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6 GDPR Myths - True or False?

Updated: Jun 7, 2022

Man holding an iPad projecting the words GDPR

The General Data Protection Regulation has been in place for just over six months. Most businesses have had time to come to terms with the new legislation and make all of the changes required for GDPR compliance. Even though these businesses have had the time to learn about and implement the necessary changes, there are still many misconceptions out there that are causing businesses to overwork or even underwork themselves in terms of GDPR.

In this short article, we have investigated 6 GDPR myths and taken a look to see if they really are just myths or important aspects of data legislation that you need to be aware of.

#1 - GDPR Doesn't Apply to Businesses Outside of the EU – FALSE

This is something that quite a lot of business outside of the EU are still oblivious to. Many people see GDPR as a way to restrict a business’ use of customer data, which of course is true, but what many businesses are forgetting is that the main purpose of the GDPR is to protect personal data belonging to EU citizens. This means if you operate outside of the EU, but you still have both current and prospective clients that live in the EU, you must comply with the GDPR when contacting these clients. Just because you aren't in the EU, does not mean you are safe from fines under GDPR.

#2 - Having a Data Protection Officer is Mandatory - FALSE

With GDPR, comes the misconception that every business must appoint a Data Protection Officer. This is not true. Appointing a Data Protection Officer (DPO) is only mandatory under the following grounds:

- You are a public authority.

- Your activities consist of large-scale, methodical observation and online behavioural tracking etc.

- Your activities involve large-scale processing of special data categories e.g. criminal conviction data.

#3 - Consent Given For The Processing of Personal Data Must be Clear-Cut - TRUE

This is absolutely true. When depending on consent to collect, store and process personal or sensitive information, the consent given must be explicit. There are many ways to obtain this consent, such as email confirmations, written consent or even simple 'I agree' or 'I do not agree' options. However, always ensure that any consent and the format in which it is given is suitable for any and all requirements.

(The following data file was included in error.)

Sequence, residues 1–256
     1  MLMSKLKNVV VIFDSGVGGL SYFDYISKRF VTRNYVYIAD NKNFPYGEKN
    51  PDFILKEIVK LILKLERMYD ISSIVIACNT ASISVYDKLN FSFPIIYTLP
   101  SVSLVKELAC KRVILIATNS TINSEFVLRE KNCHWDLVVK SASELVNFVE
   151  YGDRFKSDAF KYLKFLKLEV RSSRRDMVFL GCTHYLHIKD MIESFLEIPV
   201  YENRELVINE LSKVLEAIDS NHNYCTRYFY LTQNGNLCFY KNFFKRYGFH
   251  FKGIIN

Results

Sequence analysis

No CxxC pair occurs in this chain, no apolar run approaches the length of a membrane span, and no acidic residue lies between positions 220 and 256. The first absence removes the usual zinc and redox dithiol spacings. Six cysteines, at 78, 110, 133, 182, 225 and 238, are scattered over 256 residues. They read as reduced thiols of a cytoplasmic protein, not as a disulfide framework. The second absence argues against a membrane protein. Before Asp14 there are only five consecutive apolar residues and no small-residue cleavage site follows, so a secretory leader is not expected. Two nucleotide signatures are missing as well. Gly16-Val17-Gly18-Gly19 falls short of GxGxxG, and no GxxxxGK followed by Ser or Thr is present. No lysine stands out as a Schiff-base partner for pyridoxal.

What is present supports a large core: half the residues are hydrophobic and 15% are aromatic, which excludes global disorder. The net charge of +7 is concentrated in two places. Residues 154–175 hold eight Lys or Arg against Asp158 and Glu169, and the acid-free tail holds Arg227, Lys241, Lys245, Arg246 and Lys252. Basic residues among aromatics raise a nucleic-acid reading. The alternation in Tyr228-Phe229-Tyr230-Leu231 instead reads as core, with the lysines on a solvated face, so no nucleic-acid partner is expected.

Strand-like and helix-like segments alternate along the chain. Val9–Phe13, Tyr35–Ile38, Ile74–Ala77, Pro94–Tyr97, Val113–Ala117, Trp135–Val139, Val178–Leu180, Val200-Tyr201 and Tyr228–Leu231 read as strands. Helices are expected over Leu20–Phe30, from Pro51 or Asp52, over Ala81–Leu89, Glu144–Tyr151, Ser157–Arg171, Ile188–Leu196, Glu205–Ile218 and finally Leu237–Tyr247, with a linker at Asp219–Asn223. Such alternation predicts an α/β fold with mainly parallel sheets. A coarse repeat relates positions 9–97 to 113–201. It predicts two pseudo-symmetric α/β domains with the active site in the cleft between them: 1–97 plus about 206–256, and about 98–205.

#4 - Fines Can Reach €20,000,000 - TRUE

Despite the fact that no one has been given the maximum penalty at the time of writing, the Information Commissioner's Office has the power to impose fines of up to €20,000,000 or 4% of the company's annual turnover, whichever is more. To date, the largest fine given by the ICO. was £500,000 to Facebook for 'serious breaches of data protection law'.

#5 - Biometric Data Comes Under 'Sensitive Data' - TRUE

Biometric data such as fingerprints, retinal scans, even ID images are all classed as 'sensitive data' under GDPR. However, not all biometric data falls under this category. Biometric data that cannot be used for identification purposes, is not classed as 'sensitive data'.

Biometric data that is considered as 'Sensitive Information' include:

- Fingerprints

- Retinal Scans

- Images Used For Identification

- Facial Recognition Data

- Written Signatures

- Voice Recognition Data

and more...

#6 - You Can Only Collect Data If Consent is Given - FALSE

Even though GDPR has brought stricter rules regarding data collection and consent, in some cases, you will not need consent to collect or process personal data.

There are six grounds on which you can collect personal data, some require consent, some do not. The six grounds for data collection are: 1. To protect the vital interest of the individual - (In order to protect someone's life) 2. Public Interest - (Necessary for the running of a public task e.g. teaching) 3. Contractual Necessity - (Required for contractual agreements) 4. Compliance with legal obligations - (Collecting or processing is required for the compliance of UK or EU legislation) 5. Unambiguous consent (Clear, easy to interpret consent from the individual) 6. Legitimate interest of the data controller - (Your own interest whether commercial or individual, must be balanced with the data subject's interests) Please Note: Despite having a lot of experience with GDPR and being a GDPR compliant company, the information contained within this article should not be taken as legal advice. We have made every effort to ensure that the information in the article is accurate, however, always do your own research and verification before making any changes concerning GDPR compliance.


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